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Attorneys for victims of sexual abuse say they aren't deterred by Boy Scouts bankruptcy

Boy Scouts of America

The Boy Scouts of America filed for bankruptcy Tuesday under the weight of hundreds of childhood sexual abuse cases filed against the organization. Seattle-based attorney Jason Amala, who is handling 75 cases in New York, said the news is a mixed bag for his clients.

Amala said the news that the Boy Scouts of America has filed for bankruptcy is a form of validation for his clients because the declaration means the national organization is admitting that many of the incidents are real.

“It’s good news, because it’s difficult for the Boy Scouts to claim they did not have a big problem if they are filing for bankruptcy,” Amala said. “On some level, this is the Boy Scouts accepting responsibility for what happened.”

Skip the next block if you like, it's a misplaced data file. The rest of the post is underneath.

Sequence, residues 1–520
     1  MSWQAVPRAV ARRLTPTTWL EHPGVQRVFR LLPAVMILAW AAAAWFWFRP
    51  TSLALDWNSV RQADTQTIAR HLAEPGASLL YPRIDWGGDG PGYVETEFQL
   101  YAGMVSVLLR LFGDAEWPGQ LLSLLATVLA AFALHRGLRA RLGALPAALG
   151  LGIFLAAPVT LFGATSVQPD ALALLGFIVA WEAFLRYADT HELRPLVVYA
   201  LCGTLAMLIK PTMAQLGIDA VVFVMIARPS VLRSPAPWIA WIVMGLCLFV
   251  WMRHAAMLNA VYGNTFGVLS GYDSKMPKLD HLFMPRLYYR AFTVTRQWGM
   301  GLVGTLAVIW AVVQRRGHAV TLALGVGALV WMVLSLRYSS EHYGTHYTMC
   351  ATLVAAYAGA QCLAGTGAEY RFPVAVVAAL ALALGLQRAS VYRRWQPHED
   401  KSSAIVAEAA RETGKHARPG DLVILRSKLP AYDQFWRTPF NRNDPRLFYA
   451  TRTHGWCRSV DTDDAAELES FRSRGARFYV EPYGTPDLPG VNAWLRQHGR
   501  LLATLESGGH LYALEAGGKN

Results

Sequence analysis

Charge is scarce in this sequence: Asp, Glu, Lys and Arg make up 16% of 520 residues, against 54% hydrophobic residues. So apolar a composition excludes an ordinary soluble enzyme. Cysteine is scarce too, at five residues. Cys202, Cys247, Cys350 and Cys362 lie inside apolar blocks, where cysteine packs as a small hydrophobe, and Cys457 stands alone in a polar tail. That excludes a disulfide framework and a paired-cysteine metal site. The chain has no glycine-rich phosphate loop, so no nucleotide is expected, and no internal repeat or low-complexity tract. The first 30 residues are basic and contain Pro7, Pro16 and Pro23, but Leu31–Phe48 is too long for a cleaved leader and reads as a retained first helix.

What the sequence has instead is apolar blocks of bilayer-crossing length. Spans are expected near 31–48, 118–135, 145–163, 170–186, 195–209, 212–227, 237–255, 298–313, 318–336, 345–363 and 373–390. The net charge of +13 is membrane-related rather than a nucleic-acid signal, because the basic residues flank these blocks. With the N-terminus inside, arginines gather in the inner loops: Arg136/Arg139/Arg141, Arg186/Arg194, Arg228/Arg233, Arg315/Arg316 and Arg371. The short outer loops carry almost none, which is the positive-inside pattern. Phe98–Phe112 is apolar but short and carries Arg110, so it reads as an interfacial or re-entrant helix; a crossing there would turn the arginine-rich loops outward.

But on the downside, it also means that many of the confidential files on abuse allegations that were kept by the Boy Scouts since the 1920s might not be accessible to survivors and their attorneys who are trying to build a case.

“The files that are out there are incomplete,” said Amala, who added that the files made public so far are from 1965 to the early 1990s.

Amala said it’s important for survivors to know that there will still be money available to pay settlements in lawsuits, even though the group is declaring bankruptcy. He says the Boy Scouts have reported over $1 billion in assets.

The bankruptcy judge could further limit the time some New York survivors have to file lawsuits.

Under the state’s Child Victims Act, those over 55 who have aged out of the statute of limitations have a one-year window of opportunity to file civil cases. That window ends Aug. 14. But the judge could potentially set an even narrower window to accept new cases.

Local Boy Scouts councils around the state have so far not followed the lead of the national organization and remain solvent, though Amala says it’s likely that many will file bankruptcy in the coming days.

Karen DeWitt is Capitol Bureau Chief for New York State Public Radio, a network of 10 public radio stations in New York State. WBFO listeners are accustomed to hearing DeWitt’s insightful coverage throughout the day, including expanded reports on Morning Edition.